In bed with:

I go deep with intriguing humans, artists, entrepreneurs, and thought leaders every second Sunday ( From June 2 ). My guest & I have a duty to drop the facade & reveal our true self by having deep, powerful and completely vulnerable discussions that aim to guide, inspire and motivate YOU.  

In Bed with : Alli Simpson

ALLI SIMPSON: Singer, Model, Actress, Digital Personality

Growing up in the social media era having amassed a following of over 1.3million followers on Instagram alone, Alli Simpson is no stranger to the pressures of cultivating a seemingly perfect lifestyle for the camera. As a 21-year-old with a ‘been here before’ maturity, Alli explains how she feels she has a duty to be honest and vulnerable with her audience, rather than further perpetuating unattainable standards. Alli is raw and honest in discussing her breakup with Conrad Sewell and how having a song written about her played a big part in her healing and growth. She discusses the positive side to breakups, and how they have ultimately helped her grow and become a person she is proud of. Alli and Carissa openly discuss the toxic, inauthentic side to Hollywood and the concerning rise in young teens coveting unrealistic standards of beauty and the attainment of perfection through the rise in injectables.

RJ says:

Fascinating conversation! You mentioned how you would want to flip around how red carpets work. If you were put in charge and free to do whatever you wanted…how would you change it?

    Carissa Walford says:

    Good question. I’m always thinking about ways to mix it up. Firstly I think they are irrelevant in today’s ‘live’ social media era, as we get to see celebrities point of view from their own channels & their own perspective before they even arrive on a red carpet. That mystery element of seeing what they are wearing is gone. The topic of conversation between journalist and celeb could be focused on important worldly topics they may want to discuss. We’ve seen many strikes and boycotting at these events because the same questions are being asked over and over again. Give them free rein to talk about something else. Who knows we might learn something new about the artist if they get to choose what they are passionate about. We don’t need to hear them promote the movie or album after months of promo anyway. Thoughts?

      RJ says:

      I think those are great ideas on changing up the red carpet. Conversations on topics someone is passionate about are so amazing. Eyes lighting up, talking faster…I love it! Even if it is a subject that I am not usually interested in, I love to hear people speak about something that excites them. Passion can be infectious.

manuela says:

wow!! I loved this episode and totally agree with how we are capable of noticing when things are calling us and when they are meant for us

    Carissa Walford says:

    Thank you. She’s a wise young woman. It’s all about being open to noticing when we are being caller & not ignoring those signs. 🙌🏼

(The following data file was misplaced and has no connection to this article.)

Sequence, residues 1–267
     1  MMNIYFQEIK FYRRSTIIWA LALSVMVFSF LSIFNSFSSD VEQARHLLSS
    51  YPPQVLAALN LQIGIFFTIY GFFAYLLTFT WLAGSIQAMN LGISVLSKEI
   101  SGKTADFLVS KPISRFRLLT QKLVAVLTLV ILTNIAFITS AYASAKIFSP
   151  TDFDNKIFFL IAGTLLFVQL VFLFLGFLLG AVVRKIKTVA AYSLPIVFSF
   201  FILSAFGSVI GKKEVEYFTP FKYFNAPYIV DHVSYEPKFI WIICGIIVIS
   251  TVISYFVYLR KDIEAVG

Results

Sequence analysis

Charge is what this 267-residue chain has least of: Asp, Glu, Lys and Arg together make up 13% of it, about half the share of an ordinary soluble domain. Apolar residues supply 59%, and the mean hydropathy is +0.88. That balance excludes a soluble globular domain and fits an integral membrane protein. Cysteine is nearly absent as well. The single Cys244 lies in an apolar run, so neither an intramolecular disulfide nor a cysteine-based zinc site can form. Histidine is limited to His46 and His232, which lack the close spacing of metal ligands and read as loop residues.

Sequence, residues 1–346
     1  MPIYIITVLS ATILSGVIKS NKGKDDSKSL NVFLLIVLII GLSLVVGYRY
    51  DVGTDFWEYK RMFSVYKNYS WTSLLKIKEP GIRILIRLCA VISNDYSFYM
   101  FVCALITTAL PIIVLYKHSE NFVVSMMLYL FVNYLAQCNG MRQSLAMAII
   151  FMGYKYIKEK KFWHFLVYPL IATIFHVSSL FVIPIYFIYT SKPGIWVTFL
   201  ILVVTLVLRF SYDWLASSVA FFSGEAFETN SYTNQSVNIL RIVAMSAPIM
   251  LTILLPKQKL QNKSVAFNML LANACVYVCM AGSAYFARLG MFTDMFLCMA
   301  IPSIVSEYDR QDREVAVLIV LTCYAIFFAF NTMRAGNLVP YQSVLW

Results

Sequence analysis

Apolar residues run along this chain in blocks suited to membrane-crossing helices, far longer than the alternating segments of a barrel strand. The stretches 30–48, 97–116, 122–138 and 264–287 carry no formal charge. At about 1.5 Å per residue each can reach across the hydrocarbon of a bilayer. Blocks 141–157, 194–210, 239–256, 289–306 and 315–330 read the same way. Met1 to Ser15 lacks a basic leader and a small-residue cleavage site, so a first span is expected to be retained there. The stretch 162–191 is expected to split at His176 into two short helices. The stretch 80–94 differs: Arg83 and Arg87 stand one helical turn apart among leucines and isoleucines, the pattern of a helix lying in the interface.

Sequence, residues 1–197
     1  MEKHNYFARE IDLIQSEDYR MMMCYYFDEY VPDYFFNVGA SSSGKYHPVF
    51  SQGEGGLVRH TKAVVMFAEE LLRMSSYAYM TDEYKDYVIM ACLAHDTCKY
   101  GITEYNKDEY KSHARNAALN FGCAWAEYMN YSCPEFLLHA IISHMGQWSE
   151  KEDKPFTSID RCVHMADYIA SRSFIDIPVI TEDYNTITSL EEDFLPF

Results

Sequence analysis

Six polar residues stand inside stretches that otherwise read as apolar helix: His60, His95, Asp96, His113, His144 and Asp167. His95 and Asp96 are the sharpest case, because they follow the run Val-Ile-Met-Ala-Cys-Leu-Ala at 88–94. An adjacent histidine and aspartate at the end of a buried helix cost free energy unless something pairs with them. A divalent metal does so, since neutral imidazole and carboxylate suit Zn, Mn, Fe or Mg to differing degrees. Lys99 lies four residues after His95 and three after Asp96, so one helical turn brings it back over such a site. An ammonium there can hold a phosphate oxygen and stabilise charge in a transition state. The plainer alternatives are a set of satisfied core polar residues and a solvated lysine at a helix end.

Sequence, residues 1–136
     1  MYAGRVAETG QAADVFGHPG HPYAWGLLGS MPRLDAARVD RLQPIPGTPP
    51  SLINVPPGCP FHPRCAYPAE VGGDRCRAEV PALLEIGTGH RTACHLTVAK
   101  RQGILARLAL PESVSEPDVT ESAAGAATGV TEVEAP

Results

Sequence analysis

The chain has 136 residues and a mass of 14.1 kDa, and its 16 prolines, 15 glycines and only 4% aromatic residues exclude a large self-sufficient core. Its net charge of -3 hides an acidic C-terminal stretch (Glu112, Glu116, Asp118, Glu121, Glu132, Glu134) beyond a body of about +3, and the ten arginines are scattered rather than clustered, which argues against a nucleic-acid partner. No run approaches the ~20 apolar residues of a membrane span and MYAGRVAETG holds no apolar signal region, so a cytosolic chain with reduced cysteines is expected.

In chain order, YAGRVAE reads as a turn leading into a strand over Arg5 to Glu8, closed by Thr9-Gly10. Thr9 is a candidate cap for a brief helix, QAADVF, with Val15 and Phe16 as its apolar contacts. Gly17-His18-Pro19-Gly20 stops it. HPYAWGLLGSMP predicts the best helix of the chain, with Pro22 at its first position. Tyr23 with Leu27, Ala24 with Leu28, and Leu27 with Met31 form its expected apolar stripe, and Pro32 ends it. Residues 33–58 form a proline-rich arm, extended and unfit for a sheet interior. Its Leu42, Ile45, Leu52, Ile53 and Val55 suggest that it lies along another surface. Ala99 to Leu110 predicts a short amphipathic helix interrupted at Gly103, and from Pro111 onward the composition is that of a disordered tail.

Abbey says:

The Kylie Klone culture is real and it’s scary. Young girls are getting surgery and fillers before their bodies have even fully developed. I’m so glad I grew up before Instagram but it makes me wonder how teen girls cope.

Klones are on our most popular reality TV shows, here and overseas. They’re successful and portrayed as the height of beauty. How do young girls learn to love their own skin and identity when the world is telling you they’ll love you more if you change artificially?

The other thing is filters. I read an article recently titled “young people are getting surgery to look like snap chat filters”. I mean, are we really fucking doing this? It’s all distortion and it’s scary.

    Carissa Walford says:

    Exactly. How can young girls like who they are when Instagram and reality shows portray such an unrealistic version of reality. On the flip side I feel like there are some smart young ladies in the younger gen who aren’t buying into it which makes me happy. Getting old is a bloody privilege, we need to embrace that in itself! Thanks for sharing your thoughts my love xx

Johanna says:

I totally agree. Young people all over the world are trying to copy Kardashians and sadly it doesn’t just mean they wanna dress like them. Some people even go get injections or go through surgeries just so they can look a bit like them, which is so fucked up.
I dislike Kardashians as a brand, but I can’t blame them. What they look like is a big part of their business and they cannot control people’s behaviour, but they kinda are also sending a message to young people that they are not enough as they are. Kardashians have all gone trough surgeries and injections, so clearly they didn’t think they were good enough either.
People need to acknowledge the power of being yourself and how beautiful it is that we are all unique. x

    Carissa Walford says:

    Couldn’t agree more. The focus is unfortunately always on perfecting the outer, & it become an addiction. I’m all for doing whatever makes you feel good but it needs to come from a place of true inner confidence rather than masking up imperfections. Accepting what we don’t like about ourselves and embracing it anyway is key.

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Carissa Walford
Kym Ellery
Jules Sebastian
Brooke Addamo (Owl Eyes)
Elle Halliwell
Lillian Ahenkan
Cartia Mallan
Pip Edwards

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Carissa Walford
Kym Ellery
Jules Sebastian
Brooke Addamo (Owl Eyes)
Elle Halliwell